Sunday 6 December 2009

The Cost of Living

I've been half-reading a small book on Edward Thomas, which I picked up in a second-hand bookshop that was so perfect of its kind I couldn't bear to leave without buying something. On closer inspection, I discovered that this nicely produced little book was a 'Faber Student Guide', published in the mid-80s and clearly designed to fit poor Thomas's works to a Procrustean bed of Marxian analysis. This approach does yield the odd insight in passing, and the book's concentration on Thomas's prose as well as his poetry is refreshing. There's also enough extensive quotation from both to remind the reader of the real thing. But, putting all that aside, it was a biographical detail that caught my eye. Thomas's father was a clerk - 'staff clerk for light railways' at the Board of Trade - and on his Civil Service salary alone, he was able to support a wife and large family (six sons), plus domestic help, in a large detached house near the common in Clapham. So, at that time, a clerk in the Civil Service could afford what today only millionaires or the recipients of City bonuses can run to. What level of inflation does that suggest? It's barely computable. Similarly, in The Death of the Heart, set in the 1930s, we are informed that the total income of the Quayles amounts to £3,000, which is ample for a large house on Regent's Park with live-in domestics, all the comforts of upper-middle-class life, and long holidays abroad (when travel was relatively dearer). To achieve that standard of living today would surely require an income nearer £3 million than £3,000. My question is - What happened? Why would it now cost a fortune to live in the kind of style our middle-class ancestors took for granted? No Marxists need respond.


  1. When I moved into my old house in south London, there was still the remains of a headboard for a bed in the old cellar - dank, unlit save for a slit of a window, uninsulated, full of coal dust and well under 6 ft high. According to elderly neighbours who'd moved to the area before the last war, this was where the "Welsh servant girl" would have lived. So I suppose the short answer to your question is that we don't treat people like that anymore. In the same way, the Army doesn't have to reject recruits due to the illnesses of malnutrition as happened in the two world wars in industrial towns like Birmingham and Manchester.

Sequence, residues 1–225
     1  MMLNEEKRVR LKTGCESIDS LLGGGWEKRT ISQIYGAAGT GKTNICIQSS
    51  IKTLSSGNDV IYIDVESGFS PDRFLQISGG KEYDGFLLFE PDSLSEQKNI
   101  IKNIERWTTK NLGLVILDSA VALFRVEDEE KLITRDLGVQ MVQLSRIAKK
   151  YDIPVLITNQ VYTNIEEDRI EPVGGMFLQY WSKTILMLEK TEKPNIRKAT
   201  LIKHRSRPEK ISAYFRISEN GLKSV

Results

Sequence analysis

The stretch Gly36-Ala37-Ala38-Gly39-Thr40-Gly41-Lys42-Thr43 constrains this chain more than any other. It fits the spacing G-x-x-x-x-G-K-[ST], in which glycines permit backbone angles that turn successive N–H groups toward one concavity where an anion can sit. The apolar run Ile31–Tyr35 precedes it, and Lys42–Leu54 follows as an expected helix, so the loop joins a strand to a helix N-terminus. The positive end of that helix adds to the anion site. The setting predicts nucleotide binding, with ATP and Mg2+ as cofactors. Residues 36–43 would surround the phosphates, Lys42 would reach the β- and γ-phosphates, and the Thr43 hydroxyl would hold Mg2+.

I suppose something similar happended in France with the watershed being the second world war. Smallholders - those who wore the "bleu" - couldn't make a go of it any longer and moved to jobs in factories in the cities. As a result, rural depopulation is still very evident in some parts of France. A village that might have had 300 people in 1945 now has a quarter of that number.

    I'm sure there's much more to it than this, of course, but part of the answer may be that we've done our best to end the worst horrors and even things out a little. Even so, the past 10-20 years of banksters, oligarchs, stock market rackets and the like suggest we could easily return to the former levels of inequality. Just ideas.

  2. Also worth noting that tho' "clerk" connotes a humble status to our ears, the term once covered a wide range of posts, and extended upwards to include senior officials.

    We can still see vestiges of this: e.g. the Clerk of the House of Common is a very elevated personage (and arguably the most powerful person in Parliament).

    (cf. secretary)

  3. Good points both - though prewar domestics were often treated very well and gained definite advantages from being 'in service' - after all it was quite a competitive market so they could pick and choose (hence the 'servant problem'?). And Sir W, what you say is true - but there's surely no post in the present Civil Service (or even the Quangocracy) that could support a detached house in Clapham, wife, large family and servants.

  4. I think it's because there were relatively fewer wealthy people and they earned relatively more.

  5. Then the Welsh servant girls should have come to our 1920s house - the live-in servant got a perfectly OK first-floor bedroom that is now my study, with views over the back garden and across some playing fields. But I didn't get a room of my own until I went to University whereas everyone nowadays seems to feel that their nippers should have a room each from a young age.